Specialized Ambush

The Ambush is stylish, hands down. But more importantly, it has a comfortable fit and provides ample coverage.

Specialized Ambush Helmet Review

Helmets are one of mountain biking’s unanimously agreed upon necessities.

Unlike many other “extreme” sports where helmets are optional, few people would ever dare to ride without one.

Compared to other necessary gear—such as packs or kneepads or brakes—helmets are unique in they exist in the realm of both fashion and function. From full-face to half-dome, a helmet’s style can often pigeonhole riders into a specific discipline. However the Specialized Ambush was presented to us as a do-it-all weapon of protection. We ran the gauntlet on it this summer, while also trying to minimalize head-to-ground impacts.

The helmet comes down low in the back, but still allows for a wide range of movement.
With 20 vents, there's no way of overheating. It can actually be a bit cold sometiems.

The most noticeable characteristic of the Ambush is coverage. The helmet extends much lower than the previous version, as well as many other XC helmets on the market. The sides closely hug the ears, but that extra protection doesn’t impede vision or lead to any feelings of claustrophobia. There’s also plenty of room for a pair of shades.

In many cases, more coverage often translates to a clunky, heavy or mushroom-head helmet, but the Ambush avoids all these feelings.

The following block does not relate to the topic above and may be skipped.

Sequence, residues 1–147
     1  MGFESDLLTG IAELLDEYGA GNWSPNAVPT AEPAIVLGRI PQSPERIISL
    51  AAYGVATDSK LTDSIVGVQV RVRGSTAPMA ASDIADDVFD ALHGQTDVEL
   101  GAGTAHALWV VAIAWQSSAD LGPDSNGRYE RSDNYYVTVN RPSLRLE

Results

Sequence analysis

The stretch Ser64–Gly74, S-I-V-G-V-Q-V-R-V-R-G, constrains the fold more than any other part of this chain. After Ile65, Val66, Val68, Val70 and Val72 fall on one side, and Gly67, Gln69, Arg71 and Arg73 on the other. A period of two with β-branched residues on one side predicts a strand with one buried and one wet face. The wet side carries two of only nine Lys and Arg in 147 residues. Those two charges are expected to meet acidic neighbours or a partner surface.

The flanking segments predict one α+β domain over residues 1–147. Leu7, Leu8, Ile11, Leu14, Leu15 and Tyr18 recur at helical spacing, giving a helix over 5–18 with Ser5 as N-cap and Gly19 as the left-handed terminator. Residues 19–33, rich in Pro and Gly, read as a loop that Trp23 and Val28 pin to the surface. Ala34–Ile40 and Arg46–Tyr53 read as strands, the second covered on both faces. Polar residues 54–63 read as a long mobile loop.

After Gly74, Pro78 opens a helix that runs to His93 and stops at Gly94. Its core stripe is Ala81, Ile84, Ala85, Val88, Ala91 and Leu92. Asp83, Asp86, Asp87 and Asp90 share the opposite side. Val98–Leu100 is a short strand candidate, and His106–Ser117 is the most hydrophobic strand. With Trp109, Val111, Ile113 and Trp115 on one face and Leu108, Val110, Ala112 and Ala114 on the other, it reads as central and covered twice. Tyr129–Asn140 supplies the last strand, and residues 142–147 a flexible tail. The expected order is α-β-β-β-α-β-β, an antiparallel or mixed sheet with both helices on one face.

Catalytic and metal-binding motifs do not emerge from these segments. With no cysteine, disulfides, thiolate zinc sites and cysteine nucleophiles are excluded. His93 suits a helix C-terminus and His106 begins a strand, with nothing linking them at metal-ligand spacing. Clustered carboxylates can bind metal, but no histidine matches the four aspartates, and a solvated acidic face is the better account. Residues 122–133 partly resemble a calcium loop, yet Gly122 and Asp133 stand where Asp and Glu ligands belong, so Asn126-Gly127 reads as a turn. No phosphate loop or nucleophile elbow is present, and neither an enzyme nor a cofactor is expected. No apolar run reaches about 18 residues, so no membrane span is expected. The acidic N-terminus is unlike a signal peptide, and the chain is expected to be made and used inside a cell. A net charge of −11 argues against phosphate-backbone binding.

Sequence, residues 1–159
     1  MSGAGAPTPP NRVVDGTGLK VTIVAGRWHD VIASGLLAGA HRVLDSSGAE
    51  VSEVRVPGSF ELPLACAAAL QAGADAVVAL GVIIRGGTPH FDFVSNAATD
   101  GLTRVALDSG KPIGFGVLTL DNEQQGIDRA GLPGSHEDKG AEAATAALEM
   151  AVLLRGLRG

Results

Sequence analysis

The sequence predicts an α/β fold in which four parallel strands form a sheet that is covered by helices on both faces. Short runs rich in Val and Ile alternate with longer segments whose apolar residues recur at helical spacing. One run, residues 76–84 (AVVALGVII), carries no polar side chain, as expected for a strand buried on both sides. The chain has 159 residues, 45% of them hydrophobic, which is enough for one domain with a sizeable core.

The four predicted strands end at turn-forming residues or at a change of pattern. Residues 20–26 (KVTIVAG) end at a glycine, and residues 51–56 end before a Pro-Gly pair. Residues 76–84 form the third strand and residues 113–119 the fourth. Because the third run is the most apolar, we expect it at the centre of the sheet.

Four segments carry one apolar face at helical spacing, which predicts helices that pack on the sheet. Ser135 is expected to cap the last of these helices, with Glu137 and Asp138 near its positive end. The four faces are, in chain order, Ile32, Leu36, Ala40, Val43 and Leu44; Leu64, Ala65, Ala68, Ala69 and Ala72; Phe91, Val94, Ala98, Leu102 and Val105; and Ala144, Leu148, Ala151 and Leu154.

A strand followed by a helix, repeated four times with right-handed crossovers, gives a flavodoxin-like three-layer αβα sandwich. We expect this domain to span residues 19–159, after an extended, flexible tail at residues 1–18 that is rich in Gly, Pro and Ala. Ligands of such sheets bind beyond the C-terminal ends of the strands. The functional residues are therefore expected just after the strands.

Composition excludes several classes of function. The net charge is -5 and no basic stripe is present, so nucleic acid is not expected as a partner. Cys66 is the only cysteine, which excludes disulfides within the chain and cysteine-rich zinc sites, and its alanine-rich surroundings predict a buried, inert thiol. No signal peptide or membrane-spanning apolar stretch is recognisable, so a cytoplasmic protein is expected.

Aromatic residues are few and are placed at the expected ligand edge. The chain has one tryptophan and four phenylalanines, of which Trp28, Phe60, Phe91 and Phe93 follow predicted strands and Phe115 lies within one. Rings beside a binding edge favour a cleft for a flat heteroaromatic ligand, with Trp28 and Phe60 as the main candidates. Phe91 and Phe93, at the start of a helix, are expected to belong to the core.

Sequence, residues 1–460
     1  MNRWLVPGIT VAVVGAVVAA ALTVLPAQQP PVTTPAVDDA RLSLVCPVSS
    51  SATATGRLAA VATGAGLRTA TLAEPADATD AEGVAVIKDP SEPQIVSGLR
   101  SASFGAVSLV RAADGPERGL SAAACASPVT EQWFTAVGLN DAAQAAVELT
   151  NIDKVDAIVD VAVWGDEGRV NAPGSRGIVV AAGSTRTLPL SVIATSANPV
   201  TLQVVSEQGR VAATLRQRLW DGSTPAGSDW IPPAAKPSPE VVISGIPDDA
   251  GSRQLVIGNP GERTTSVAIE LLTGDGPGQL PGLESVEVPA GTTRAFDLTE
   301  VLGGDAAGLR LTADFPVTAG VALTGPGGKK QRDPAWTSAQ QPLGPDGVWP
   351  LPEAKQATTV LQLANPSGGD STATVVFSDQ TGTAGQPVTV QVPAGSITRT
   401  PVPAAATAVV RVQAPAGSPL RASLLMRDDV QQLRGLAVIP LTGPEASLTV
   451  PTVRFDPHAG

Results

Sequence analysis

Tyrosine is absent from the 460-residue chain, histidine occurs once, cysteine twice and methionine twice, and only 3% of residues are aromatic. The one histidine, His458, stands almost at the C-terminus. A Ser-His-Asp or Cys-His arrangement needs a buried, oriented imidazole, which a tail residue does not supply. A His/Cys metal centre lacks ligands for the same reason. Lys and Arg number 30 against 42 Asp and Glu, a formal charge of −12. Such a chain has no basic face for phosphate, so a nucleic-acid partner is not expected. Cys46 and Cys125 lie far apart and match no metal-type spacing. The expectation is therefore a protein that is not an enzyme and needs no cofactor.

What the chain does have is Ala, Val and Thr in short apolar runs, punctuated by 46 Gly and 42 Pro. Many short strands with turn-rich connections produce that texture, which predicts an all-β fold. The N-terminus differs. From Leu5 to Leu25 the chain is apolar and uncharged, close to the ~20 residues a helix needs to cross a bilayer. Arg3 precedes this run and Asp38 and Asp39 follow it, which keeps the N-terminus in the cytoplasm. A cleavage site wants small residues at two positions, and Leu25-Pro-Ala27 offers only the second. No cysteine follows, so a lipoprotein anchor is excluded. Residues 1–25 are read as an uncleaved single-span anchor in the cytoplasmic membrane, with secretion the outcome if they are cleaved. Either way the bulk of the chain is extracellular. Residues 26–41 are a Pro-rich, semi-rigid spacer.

Part of this stems from the helmet’s venting. Internal channeling and a whopping 20 vents keeps the air flowing—which, while it can mean a chilly head on cold mornings, it’s a life-saving feature on hot days. If you usually run on the cooler side of the scale, you might want to start fall or winter rides with a thin hat. After a few minutes of pedaling, however, you’ll be grateful.

The chin straps are flat against your cheeks and only adjust at the buckle. This can actually be somewhat limiting, but it's definitely easier to use.
The Mindset 360 tightens from every direction, ratherthan pushing your head forward.

Specialized’s fitting system, the Mindset 360, is unique in that it tightens in every direction rather than simply pushing your head to the front of the helmet. Any adjustments are made with an integrated dial, and allow riders to get the perfect fit by millimeters. The straps are fixed in place to sit flat against the cheeks, preventing the annoying twist so common in more traditional styles. They’re still adjustable via the Tri-Web splitter that connects to the chinstrap, but are much less of a hassle than in a lot of other helmets.

At the front of the Ambush, the visor allows for ample movement. It has two pivot points on both sides and a seated track in the center—compared to the two snaps of most others—making it sturdy yet adjustable. In its maxed out position, there’s enough room for goggles underneath the visor. It comes in numerous color ways for all preferences, including flat black, flat white and a few more vibrant styles for those inclined to more flash and pizazz.

The Ambush's visor is fully adjustable. You can even put a pair of goggles under it when it's fully lifted.
The Ambush is definitely a do-it-all helmet and it looks good in every setting.

The low profile of the Ambush allows it to fit in anywhere from enduro races to dirt jump parks, or even a night barhopping on a townie bike, and its fit and function will let you to enjoy what ever you’re riding. While it’s true safety is much more important than looking good, it is nice to know you don’t look like Toad from Super Mario Bros.